MCM Comic Con fever hits London!

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27th Annual MCM Comic Con Expo – 22 – 26 May 2015
London ExCeL Exhibition Centre

On the same week uber-nerd Simon Pegg suggested the collective sci-fi community may be acting a bit too childish, a large section of its British contingent gathered in London to prove that, while he may be right, there’s a bloody good reason for it.

The cosplaying and straight-up fancy dress on display at the Excel Exhibition Centre across the weekend was nothing short of spectacular. In fact, prior to entering there was a sizeable, ad-hoc stand-off between DC and Marvel cosplayers, like West Side Story had it been set in Gotham.

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Multiple Jokers, Harley Quinns and Scarecrows stared-down Deadpools (LOTS of Deadpools), Wonder Women and a very impressive Groot. The various yelling and taunts hurled between the two groups became the literal representation of months or years of pent-up fandom in its purest form. All this just metres from perhaps the largest pop-up comic book shop this side of the Atlantic.

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Granted, what Pegg was referencing was the lack of depth which plagues Hollywood blockbusters like Marvel’s current big-screen ‘Avengers’ canon. But the development of events and expos like MCM has proven the large scale want and desire for comic culture to flirt with, and now seemingly dominate, popular culture.

The craziness that happens within these events proves that, to many, this is their chance to let their hair down…or shave half of it off…or gel it like a Super Saiyan. Similarly, the commercial aspect of the main hall of vendors seems to hold onto its ink and paper enthusiasm too. You’d think a 20-foot square, relatively empty stall dedicated to the upcoming big-screen version of preppy, schmuck-fest ‘Entourage’ would stick out like a sore thumb. Yet distracted by someone dressed in a Minion costume made entirely of balloons, it’s hard to care.

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There was a minor degree of outward profiteering, which was easy to ignore but awkwardly hilarious at the same time. For example, even the minor signing tables swung wildly between genuine sci-fi and clear opportunity grabbing; featuring the auctioneer from Storage Hunters, Hannah Spearitt, Boycie from Only Fools & Horses, Sophie Aldred, Sylvester McCoy and Heather Trott from EastEnders accompanied by Boy George, all selling their various wares and signed goods.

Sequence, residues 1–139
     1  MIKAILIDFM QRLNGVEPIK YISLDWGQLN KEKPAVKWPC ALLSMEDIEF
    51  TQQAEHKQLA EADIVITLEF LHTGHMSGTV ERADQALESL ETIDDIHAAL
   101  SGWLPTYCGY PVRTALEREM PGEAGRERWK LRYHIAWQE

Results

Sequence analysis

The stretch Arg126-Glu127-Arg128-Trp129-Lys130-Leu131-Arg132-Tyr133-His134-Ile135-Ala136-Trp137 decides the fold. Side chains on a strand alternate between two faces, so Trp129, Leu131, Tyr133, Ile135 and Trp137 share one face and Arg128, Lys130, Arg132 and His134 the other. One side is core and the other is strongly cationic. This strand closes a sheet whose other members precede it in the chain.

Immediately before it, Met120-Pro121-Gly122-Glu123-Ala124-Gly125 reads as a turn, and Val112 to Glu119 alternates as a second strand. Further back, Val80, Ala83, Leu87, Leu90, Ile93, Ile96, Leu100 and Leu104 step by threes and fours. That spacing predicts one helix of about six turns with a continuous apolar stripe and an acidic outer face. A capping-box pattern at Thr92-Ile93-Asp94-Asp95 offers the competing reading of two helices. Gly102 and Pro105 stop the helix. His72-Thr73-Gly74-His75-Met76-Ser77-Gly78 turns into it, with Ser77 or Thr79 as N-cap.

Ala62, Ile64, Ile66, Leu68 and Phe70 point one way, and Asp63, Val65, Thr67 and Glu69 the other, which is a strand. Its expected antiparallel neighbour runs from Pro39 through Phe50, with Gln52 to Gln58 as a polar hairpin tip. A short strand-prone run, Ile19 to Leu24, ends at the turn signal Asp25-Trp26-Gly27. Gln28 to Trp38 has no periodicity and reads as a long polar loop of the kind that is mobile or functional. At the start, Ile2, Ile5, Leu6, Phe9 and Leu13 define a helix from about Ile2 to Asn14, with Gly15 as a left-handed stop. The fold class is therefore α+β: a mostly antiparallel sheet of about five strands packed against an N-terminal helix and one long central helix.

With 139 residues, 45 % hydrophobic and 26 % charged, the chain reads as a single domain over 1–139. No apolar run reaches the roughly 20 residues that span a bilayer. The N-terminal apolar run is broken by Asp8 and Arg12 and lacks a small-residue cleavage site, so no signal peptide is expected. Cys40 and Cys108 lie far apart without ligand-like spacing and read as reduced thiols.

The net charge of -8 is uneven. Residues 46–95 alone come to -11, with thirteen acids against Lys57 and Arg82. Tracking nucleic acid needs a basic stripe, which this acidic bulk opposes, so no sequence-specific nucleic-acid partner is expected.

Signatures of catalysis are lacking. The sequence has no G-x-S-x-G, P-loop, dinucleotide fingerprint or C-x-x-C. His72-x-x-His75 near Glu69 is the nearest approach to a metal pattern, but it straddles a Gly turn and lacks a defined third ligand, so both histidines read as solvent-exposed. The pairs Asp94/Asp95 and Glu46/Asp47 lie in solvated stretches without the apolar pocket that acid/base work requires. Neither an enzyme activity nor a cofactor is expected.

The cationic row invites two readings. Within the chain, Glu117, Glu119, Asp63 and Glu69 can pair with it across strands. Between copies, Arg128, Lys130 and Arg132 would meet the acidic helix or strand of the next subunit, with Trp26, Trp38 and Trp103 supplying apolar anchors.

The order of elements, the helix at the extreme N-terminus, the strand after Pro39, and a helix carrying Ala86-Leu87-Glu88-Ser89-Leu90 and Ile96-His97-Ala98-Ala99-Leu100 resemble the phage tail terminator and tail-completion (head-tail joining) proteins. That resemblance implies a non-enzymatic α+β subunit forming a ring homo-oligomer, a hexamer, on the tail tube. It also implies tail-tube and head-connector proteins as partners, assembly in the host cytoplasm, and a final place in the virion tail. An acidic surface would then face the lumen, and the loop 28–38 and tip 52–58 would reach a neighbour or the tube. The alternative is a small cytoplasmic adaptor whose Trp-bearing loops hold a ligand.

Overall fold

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For every minor celebrity peddling their hastily-scrawled signature for £20 a pop (it was five quid for a selfie with Heather!), there were three times as many examples of grassroots artists and writers trying to sell their own creations – having someone draw you a portrait there and then in their style is a little bit magical. Also, Cyanide and Happiness’s ‘Box o’ Actions’ was a particular highlight – randomly choose any two actions from their box and they’ll draw them for you – ‘Pole Vaulting Organ Donation’ was ready in under 5 minutes.

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The thing about comic expos and the culture as a whole is that the passion for the true art of it all remains constant; MCM is in its 27th year for a very good reason. Perhaps there are a few examples of larger companies caring more about spectacle than substance, but exploring the fringes tends to generate more steadfast results.

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Days like these provide a bizarre togetherness. The sporadic clusters of ‘Sailor Moon/Adventure Time/Any Manga Ever’ cosplayers littered across the site provided physical evidence of that unspoken bond of fandom and the release from everyday routine. The childish spectacle is the purposeful distraction that allows you to take a two-hour train journey dressed as Darth Maul knowing when you get there you’ll be surrounded by like-minded people dressed twice crazier than you…and you can pick up some sweet stuff while you’re at it.

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Words and photography by Stuart Buchanan

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